Some guidelines on thinking critically about treatments and their efficacy.
Making sense of health claims can be tough these days. We are besieged by conflicting information. The media, well-meaning friends, salespeople and health practitioners all have differing advice for us. It seems as if everyone knows someone who has had a dramatic response to some new special treatment.
What’s a concerned health consumer to do? Here are some basic guidelines to help you think critically when investigating whether or not a treatment may be beneficial for you.
The most basic and common form of health information is the testimonial. Someone swears that treatment X worked miracles for them. Is that really enough to go on? Testimonials may seem convincing at first, especially when delivered with enthusiasm and conviction, or if you know the person. Remember, though, that many acute medical conditions such as sore throats, sniffles and general muscle aches and pains get better spontaneously; and many chronic conditions such as arthritis and depression have a natural fluctuation of symptoms over time. If you really want to take testimonials about a chronic medical condition seriously, it’s best to observe for yourself how the people are doing for several months after you first talked to them. Effects may fade if the treatment wasn’t truly helpful and perceived benefits were actually due to natural symptom variability.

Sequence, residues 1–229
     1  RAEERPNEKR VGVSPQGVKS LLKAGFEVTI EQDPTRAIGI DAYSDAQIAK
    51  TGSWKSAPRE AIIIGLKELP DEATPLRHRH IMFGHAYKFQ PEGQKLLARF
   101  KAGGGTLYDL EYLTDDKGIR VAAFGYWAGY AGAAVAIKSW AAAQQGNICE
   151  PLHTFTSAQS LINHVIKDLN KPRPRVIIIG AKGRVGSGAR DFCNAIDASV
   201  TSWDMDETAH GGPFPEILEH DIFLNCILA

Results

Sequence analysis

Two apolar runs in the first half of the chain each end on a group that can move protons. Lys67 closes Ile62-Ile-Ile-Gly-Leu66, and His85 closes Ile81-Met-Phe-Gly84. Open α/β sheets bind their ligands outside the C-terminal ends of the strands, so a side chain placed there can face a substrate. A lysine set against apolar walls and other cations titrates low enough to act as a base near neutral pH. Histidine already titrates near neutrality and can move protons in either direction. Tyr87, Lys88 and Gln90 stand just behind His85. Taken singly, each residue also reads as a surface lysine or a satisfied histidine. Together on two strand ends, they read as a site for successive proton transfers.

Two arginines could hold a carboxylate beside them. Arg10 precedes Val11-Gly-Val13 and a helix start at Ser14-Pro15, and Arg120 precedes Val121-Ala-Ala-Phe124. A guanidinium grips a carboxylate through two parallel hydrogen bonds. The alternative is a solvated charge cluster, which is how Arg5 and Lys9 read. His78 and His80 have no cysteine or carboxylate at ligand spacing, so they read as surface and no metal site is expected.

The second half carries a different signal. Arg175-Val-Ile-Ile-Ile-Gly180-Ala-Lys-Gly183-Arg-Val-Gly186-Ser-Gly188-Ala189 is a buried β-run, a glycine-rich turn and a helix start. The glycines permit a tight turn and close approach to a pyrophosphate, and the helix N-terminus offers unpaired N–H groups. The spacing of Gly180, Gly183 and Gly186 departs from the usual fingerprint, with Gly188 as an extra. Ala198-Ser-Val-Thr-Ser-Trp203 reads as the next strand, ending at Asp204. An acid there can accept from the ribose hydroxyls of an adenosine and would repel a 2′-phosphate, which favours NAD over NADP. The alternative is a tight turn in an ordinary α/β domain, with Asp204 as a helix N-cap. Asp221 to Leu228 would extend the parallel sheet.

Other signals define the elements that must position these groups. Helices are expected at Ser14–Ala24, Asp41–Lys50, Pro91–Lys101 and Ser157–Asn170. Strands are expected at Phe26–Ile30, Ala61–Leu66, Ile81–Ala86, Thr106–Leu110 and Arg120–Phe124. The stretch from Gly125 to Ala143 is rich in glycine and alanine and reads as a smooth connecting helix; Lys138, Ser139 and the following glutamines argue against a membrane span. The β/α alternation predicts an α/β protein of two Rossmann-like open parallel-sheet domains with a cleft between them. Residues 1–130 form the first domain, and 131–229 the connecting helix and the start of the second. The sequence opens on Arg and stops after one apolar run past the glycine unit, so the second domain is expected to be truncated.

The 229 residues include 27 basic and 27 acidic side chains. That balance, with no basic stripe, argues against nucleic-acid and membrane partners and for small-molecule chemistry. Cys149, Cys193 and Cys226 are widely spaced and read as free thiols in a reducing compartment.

When my patients are interested in a new treatment I know little about, I usually suggest they look beyond the testimonials for sound research that demonstrates benefits. Based on the responses I get from some hard-core alternative-medicine consumers, I get the impression they regard “research” as a dirty word. Good quality research can help you decide whether or not a treatment may be helpful, and sincere practitioners generally welcome the chance to put their treatments to the test. His Holiness the Dalai Lama seems to concur, as he encouraged objective investigation into traditional Tibetan medicine at the First International Congress on Tibetan Medicine.